*273 Even if error had been present ..., the appellant has not revealed any particular prejudice other than an adverse verdict. It has failed to show that the errors complained of would have so substantially affected its rights that it could be reasonably assumed that if it were not for the alleged errors, a different result might reasonably have been expected.

El Cortez Hotel, Inc. v. Coburn, 87 Nev. 209, 213, 484 P.2d 1089, 1091 (1971). See Truckee-Carson Irr. Dist. v. Wyatt, 84 Nev. 662, 666-67, 448 P.2d 46, 49-50 (1968), cert. denied, 395 U.S. 910, 89 S. Ct. 1753, 23 L. Ed. 2d 223 (1969).


Near the end of the trial, over objection, the district court allowed the following question to and answer from appellant's father:

Q: You're not critical of Dr. Pitts or Dr. Thomas' treatment of your boy, are you?
A: No, sir.

Appellant characterizes his father's testimony as a lay opinion on the issue of the negligence of Drs. Thomas and Pitts, noting that a lay witness may not express an opinion "as to matters which are beyond the realm of common experience and which require the skill and knowledge of an expert witness." Randolph v. Collectramatic, Inc., 590 F.2d 844, 846 (10th Cir.1979). Under NRS 50.265, a lay opinion is admissible only when the opinion is both "rationally based on the perception of the witness" and "helpful to a clear understanding of his testimony or the determination of a fact in issue."

As respondents point out, Mr. Beattie's testimony could just as easily be characterized as an expression of his personal feelings about his son's treatment. Moreover, the district court cured any possible prejudice by instructing the jury to consider only expert testimony when determining the standard of professional learning, skill, and care required of the doctors. Given this curative instruction, and in the context of a three-week trial amassing twenty volumes of record, the district court did not abuse its discretion by refusing to grant a new trial on the basis of two words of testimony.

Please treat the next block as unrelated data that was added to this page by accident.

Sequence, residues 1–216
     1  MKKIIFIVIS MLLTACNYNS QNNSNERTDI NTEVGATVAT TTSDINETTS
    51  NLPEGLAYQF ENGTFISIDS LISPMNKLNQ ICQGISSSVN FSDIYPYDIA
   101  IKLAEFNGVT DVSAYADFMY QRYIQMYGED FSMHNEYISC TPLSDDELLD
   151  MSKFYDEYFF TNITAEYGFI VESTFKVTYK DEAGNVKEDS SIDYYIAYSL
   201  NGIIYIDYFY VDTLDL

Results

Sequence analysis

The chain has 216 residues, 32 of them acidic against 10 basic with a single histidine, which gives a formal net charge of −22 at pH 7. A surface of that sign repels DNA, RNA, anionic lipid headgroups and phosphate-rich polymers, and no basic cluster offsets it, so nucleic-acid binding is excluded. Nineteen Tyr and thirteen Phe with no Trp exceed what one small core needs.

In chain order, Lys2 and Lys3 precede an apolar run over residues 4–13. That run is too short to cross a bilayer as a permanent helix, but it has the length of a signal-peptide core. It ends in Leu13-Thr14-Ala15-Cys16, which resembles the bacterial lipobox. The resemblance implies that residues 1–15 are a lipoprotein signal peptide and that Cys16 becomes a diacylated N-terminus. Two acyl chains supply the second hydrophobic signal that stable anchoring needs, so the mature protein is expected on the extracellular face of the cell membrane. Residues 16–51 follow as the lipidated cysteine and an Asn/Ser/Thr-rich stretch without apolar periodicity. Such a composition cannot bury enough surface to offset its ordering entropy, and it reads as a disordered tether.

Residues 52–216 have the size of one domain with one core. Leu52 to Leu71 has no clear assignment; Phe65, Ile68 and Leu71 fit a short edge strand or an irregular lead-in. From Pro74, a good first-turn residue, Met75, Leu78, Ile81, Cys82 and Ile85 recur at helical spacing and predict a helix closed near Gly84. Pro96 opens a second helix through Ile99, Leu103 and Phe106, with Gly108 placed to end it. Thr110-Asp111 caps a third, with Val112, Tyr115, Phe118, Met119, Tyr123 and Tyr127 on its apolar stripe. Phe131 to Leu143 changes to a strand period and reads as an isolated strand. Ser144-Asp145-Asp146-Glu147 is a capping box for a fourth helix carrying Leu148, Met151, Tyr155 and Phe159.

Prior to trial in the instant case, Drs. Thomas and Pitts each tendered a $15,000 offer of judgment to Beattie under NRCP 68.[3] Beattie elected to proceed to trial against both Thomas and Pitts, although he accepted a $15,000 settlement offer from the orthopedic surgeon. The jury returned a verdict in favor of Drs. Thomas and Pitts. On proper motion, the district court held that their settlement offers had been reasonable and in good faith, and awarded them their costs in the amount of $7,415 and attorney's fees in the amount of $29,700.

Appellant first contends that insofar as NRCP 68 permits an award of attorney's fees, it is an invalid court rule, because it is inconsistent with NRS 17.115 and NRS 18.010. The latter statute authorizes the court to award attorney's fees to a prevailing defendant, but only when the plaintiff has not sought more than $10,000. See Ecklund v. State, 95 Nev. 430, 596 P.2d 218 (1979). NRS 17.115 expressly governs judgment offers, but varies from NRCP 68 in that it allows recovery of only costs and expert witness fees, and not attorney's fees, by an offeror whose opponent fails to obtain a judgment more favorable than the offer. *274 NRS 17.115(4). Appellant does not cite any authority holding that these statutes are exclusive, and our comments in Armstrong v. Riggi, 92 Nev. 280, 549 P.2d 753 (1976), indicate just the opposite.[4]